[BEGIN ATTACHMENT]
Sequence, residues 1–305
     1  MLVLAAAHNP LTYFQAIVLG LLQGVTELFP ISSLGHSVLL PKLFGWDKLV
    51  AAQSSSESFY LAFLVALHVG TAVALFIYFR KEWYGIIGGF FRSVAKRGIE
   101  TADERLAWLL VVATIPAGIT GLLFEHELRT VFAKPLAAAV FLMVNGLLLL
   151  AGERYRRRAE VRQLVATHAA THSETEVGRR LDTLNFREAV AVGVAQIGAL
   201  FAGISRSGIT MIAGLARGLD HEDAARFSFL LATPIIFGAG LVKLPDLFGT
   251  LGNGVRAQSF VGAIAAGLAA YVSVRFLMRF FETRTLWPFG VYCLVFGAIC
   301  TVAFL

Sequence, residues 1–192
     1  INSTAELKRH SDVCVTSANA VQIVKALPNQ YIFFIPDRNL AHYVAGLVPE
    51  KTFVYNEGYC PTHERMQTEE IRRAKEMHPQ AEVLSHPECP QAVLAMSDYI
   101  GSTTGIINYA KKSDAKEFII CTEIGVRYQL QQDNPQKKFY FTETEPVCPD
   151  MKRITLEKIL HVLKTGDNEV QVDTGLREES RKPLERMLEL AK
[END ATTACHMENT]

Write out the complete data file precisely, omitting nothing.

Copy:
Sequence, residues 1–305
     1  MLVLAAAHNP LTYFQAIVLG LLQGVTELFP ISSLGHSVLL PKLFGWDKLV
    51  AAQSSSESFY LAFLVALHVG TAVALFIYFR KEWYGIIGGF FRSVAKRGIE
   101  TADERLAWLL VVATIPAGIT GLLFEHELRT VFAKPLAAAV FLMVNGLLLL
   151  AGERYRRRAE VRQLVATHAA THSETEVGRR LDTLNFREAV AVGVAQIGAL
   201  FAGISRSGIT MIAGLARGLD HEDAARFSFL LATPIIFGAG LVKLPDLFGT
   251  LGNGVRAQSF VGAIAAGLAA YVSVRFLMRF FETRTLWPFG VYCLVFGAIC
   301  TVAFL

Sequence, residues 1–192
     1  INSTAELKRH SDVCVTSANA VQIVKALPNQ YIFFIPDRNL AHYVAGLVPE
    51  KTFVYNEGYC PTHERMQTEE IRRAKEMHPQ AEVLSHPECP QAVLAMSDYI
   101  GSTTGIINYA KKSDAKEFII CTEIGVRYQL QQDNPQKKFY FTETEPVCPD
   151  MKRITLEKIL HVLKTGDNEV QVDTGLREES RKPLERMLEL AK